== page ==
Who says you can’t teach an old dog new tricks?

KGilbertKim Gilbert – University of Georgia

Trying something completely different can be very scary. But sometimes, you just know it’s totally worth the risk. That’s how I felt after hearing a couple of fabulous stat educators talk about using simulation-based methods for teaching the intro course. I was immediately inspired by their enthusiasm. But more importantly, I was excited to try pedagogy that they/I believed would make a genuine difference in student learning. So I jumped head first into the deep end and have enjoyed every minute.

As it turned out for me, technology helped.

First, I followed ISI’s content, even when it at first felt very different, almost odd. Since our students need the theory-based approach, I also cover that in every chapter. The theory-based applications flow quite easily from simulations, but the simulations are definitely the fun part! Another transition is adapting to the student centered, activity-based structure of the book. As it turned out for me, technology helped. So how did I use technology in this novel teaching approach? 

Trying something completely different can be very scary. But sometimes, you just know it’s totally worth the risk.

Going to computer labs is one option.  But on the first day of class, I asked if students had a laptop or tablet they could bring to class every day.  More than 75% said they did. I knew immediately that was more than enough and would actually encourage collaborative learning. So instead of creating special lab type activities, or worrying about how to integrate a separate computer lab classroom (down the hall) that fits the timing of my day-to-day plan following the book, we use their mobile technology and access it every chance we get.   This has been the secret for me successfully using the applets because we can use them “on demand.”  I will show the keystrokes the first time, then let them loose with the Examples or the Explorations.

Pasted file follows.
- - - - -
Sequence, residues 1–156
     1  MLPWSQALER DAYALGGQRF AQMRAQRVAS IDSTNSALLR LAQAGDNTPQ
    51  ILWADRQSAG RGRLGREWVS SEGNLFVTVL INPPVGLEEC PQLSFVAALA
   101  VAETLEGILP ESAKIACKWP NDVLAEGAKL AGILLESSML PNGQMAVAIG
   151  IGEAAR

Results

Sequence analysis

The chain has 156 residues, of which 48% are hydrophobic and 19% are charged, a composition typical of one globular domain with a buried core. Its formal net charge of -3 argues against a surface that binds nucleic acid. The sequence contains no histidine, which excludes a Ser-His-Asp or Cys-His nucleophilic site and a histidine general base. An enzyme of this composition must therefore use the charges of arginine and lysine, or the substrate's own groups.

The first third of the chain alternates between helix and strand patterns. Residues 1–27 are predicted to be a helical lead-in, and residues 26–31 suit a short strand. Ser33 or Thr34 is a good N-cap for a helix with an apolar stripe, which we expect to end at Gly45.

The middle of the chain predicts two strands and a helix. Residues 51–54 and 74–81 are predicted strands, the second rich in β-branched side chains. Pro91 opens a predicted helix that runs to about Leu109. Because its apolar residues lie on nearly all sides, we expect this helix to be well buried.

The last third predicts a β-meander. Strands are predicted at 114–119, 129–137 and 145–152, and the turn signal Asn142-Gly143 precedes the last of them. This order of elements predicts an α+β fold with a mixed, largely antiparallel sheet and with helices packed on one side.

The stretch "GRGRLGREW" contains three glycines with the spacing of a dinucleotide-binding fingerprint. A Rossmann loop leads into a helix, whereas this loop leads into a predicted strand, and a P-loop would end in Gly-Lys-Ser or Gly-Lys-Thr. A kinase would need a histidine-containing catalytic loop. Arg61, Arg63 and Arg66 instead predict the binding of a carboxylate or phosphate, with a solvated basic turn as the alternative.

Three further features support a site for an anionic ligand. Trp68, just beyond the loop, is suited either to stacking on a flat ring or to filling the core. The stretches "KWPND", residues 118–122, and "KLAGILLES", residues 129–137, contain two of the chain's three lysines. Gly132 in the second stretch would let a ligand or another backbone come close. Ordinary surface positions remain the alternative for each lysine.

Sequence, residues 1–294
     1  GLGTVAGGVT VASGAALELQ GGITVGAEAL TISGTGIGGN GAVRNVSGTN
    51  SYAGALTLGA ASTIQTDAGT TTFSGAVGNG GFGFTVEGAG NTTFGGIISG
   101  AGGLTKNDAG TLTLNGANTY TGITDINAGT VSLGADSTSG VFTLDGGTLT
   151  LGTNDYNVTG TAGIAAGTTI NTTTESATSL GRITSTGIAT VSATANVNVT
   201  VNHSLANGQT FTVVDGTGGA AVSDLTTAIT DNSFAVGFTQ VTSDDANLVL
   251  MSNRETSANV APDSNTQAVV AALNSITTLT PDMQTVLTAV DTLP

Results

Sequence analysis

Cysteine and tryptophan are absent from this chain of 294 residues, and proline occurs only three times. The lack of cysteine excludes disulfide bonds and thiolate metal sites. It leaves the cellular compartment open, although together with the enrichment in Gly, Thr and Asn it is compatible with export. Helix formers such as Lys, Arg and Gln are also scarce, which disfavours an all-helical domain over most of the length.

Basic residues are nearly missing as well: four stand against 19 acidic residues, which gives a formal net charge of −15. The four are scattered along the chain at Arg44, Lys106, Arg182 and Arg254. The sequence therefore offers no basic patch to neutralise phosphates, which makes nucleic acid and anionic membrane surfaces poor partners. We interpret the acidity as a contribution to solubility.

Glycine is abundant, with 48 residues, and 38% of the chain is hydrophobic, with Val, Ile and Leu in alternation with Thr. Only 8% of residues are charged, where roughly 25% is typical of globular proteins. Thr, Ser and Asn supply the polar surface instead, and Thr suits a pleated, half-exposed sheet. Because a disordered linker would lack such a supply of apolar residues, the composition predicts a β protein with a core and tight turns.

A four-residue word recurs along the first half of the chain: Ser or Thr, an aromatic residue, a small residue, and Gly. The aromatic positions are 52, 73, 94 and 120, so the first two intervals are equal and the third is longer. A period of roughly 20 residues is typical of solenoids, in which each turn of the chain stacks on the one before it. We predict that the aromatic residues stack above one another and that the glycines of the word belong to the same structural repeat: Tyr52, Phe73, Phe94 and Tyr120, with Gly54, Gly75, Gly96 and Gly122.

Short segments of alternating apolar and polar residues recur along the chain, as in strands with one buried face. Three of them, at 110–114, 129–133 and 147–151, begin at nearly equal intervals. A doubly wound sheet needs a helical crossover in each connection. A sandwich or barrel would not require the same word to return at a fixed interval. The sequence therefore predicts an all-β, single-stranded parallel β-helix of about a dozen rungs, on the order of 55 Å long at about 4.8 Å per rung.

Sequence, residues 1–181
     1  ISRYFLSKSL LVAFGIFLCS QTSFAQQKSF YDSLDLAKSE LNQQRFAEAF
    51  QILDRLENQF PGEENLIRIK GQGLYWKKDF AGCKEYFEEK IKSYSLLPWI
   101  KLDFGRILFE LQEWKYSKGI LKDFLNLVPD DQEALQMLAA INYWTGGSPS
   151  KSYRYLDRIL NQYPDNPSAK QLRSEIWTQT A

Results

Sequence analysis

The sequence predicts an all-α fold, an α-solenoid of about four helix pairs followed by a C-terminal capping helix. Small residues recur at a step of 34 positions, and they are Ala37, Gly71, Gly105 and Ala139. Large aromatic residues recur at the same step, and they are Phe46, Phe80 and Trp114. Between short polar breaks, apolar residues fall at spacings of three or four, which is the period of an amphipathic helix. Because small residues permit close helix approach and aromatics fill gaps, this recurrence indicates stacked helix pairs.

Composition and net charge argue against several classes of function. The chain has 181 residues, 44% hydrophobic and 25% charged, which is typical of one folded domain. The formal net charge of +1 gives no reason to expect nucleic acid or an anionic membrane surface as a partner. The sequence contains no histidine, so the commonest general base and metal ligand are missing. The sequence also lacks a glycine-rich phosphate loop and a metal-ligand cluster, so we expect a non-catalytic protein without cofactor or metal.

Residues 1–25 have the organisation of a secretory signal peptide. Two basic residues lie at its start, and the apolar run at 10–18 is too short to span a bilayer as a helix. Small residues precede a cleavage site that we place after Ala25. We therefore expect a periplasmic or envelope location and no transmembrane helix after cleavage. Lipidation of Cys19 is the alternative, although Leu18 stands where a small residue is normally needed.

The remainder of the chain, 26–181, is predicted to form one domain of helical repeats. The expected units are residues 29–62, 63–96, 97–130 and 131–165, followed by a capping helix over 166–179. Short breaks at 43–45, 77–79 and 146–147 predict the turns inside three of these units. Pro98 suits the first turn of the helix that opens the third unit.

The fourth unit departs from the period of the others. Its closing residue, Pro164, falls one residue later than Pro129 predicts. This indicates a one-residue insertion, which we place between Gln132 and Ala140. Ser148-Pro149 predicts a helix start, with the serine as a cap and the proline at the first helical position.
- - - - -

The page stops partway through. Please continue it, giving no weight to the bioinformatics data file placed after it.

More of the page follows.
I jumped head first into the deep end and have enjoyed every minute.

It always surprises me how few questions they’ll ask at the beginning of the semester.  But they will eventually trust that their questions can be addressed better when we can dialog in small groups about their specific questions. Using laptops and tablets to access the applets supports the discovery-based, collaborative philosophy I’m aiming for (and works perfectly with the textbook).

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